In this section
Reducing nitrogen losses from farms
Measuring and modelling paddock water inputs and losses on stony soils
- Annual net inputs and losses of carbon and nitrogen for irrigated and non-irrigated lucerne
- Carbon inputs to reduce nitrogen losses
- Sward species and cattle diet effects on nitrogen losses
- Contrasting microbial activities in topsoil and subsoil
- Identifying soils with low nitrogen losses
- Mauriora Systems Framework: A guide and process for decision-making
- Recommendations for farmers
- Measuring and modelling paddock water inputs and losses on stony soils
- We used a hydrological model to predict inputs and losses of water under irrigated and non-irrigated lucerne and tested the findings against field measurements.
- The model was good at predicting day-to-day variation and the timing of drainage, and how incoming water (rain or irrigation) was split into evaporation and drainage to deeper soil layers and groundwater.
- We are now extending the work using another model that includes soil nutrient and crop growth processes to predict the movement of nutrients, primarily nitrogen and phosphorus, through the soil, and test the findings against our field measurements of leaching losses.
To manage water for agriculture efficiently and prevent nutrient leaching, we must know how much water enters and leaves the soil. For stony soils that occur on much of the Canterbury Plains, we do not have good estimates of water flows and storage, so it is hard for farmers to manage these soils.
Using our unique experimental set-up at Ashley Dene Research & Development Station, Scott Graham and collaborators from Manaaki Whenua – Landcare Research have been measuring water flows and storage in the soil, both under irrigated and non-irrigated lucerne. At each site, an eddy covariance system, six large lysimeters (2 m diameter, 1.5 m deep) and profiles of sensors for soil water content continuously measure evaporation, drainage and soil water storage along with precipitation from rainfall and irrigation. With these measurements, we calibrated and tested a water balance model to see if we can accurately predict day-to-day variations in soil water in these stony soils. We used the soil water flow model HYDRUS-1D and compared model predictions of evaporation, drainage and storage in the soil profile to field measurements.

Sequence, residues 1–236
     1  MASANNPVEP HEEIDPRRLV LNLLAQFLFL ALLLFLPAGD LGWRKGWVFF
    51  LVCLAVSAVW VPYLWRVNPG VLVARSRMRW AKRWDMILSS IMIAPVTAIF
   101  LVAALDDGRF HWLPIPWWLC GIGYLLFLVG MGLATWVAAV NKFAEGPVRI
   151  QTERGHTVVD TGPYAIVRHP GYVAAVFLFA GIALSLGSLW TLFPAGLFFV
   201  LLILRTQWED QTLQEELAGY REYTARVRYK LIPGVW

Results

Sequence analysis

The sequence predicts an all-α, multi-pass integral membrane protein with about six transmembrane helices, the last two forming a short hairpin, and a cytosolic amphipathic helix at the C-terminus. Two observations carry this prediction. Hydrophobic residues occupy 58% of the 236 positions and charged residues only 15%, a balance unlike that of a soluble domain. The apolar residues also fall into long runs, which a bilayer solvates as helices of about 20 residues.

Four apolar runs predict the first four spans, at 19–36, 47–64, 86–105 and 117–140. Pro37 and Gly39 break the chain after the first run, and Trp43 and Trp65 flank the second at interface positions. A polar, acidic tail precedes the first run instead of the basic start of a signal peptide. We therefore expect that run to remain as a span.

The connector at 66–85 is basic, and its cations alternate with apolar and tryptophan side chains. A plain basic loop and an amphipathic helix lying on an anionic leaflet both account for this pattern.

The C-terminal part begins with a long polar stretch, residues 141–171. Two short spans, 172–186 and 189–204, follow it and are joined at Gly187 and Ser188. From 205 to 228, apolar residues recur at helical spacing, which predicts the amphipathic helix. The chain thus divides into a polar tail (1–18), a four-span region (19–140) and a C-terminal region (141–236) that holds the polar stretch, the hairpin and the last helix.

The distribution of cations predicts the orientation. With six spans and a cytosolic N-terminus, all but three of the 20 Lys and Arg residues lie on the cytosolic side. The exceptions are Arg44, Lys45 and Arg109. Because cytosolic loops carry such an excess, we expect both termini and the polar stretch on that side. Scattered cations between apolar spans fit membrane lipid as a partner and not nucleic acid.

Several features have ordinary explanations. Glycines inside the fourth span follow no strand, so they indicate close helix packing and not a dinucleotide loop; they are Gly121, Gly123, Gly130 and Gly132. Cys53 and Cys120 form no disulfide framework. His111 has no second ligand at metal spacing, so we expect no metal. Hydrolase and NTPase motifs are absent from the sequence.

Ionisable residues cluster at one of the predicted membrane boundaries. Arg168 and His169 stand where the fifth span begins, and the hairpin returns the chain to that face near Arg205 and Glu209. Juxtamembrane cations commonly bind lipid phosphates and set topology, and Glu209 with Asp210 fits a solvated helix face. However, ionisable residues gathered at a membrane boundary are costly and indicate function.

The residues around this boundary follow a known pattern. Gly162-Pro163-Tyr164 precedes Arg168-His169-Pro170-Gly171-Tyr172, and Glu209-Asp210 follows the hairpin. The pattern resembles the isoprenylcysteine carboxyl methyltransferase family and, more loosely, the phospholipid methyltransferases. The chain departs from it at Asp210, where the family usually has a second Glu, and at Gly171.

Generally, the model was good at predicting the timing of drainage, and how incoming water (rain or irrigation) was split into evaporation from plants and soil and drainage to deeper soil layers and groundwater. We did see uncertainties about the exact amount of water in the soil, as this was overestimated by the modelled soil profile, although day-to-day variations were well-predicted.
We have now successfully modelled water movement, and we are extending this work to include the movement of nutrients, primarily nitrogen and phosphorus, through the soil, in collaboration with Joanne Sharp from Plant and Food Research using the APSIM model that includes soil nutrient and crop growth processes. Once we have confidence that all these components of agricultural stony soils are working well, we can perform scenario analyses.
This is where we can “ask” the model questions on how different irrigation, effluent and grazing management strategies affect outcomes such as nitrogen leaching, carbon balances or water losses. Optimising management for productivity alone may come at a cost for soil carbon or nitrogen leaching, and scenario analyses may be able to find where balances between production and environmental outcomes can be achieved by improving practices.
For more details go to
Graham SL, Laubach J, Hunt JE, Eger A, Carrick S, Whitehead D. 2019. Predicting soil water balance for irrigated and non-irrigated lucerne on stony, alluvial soils. Agricultural Water Management 226:105790. https://doi.org/10.1016/j.agwat.2019.105790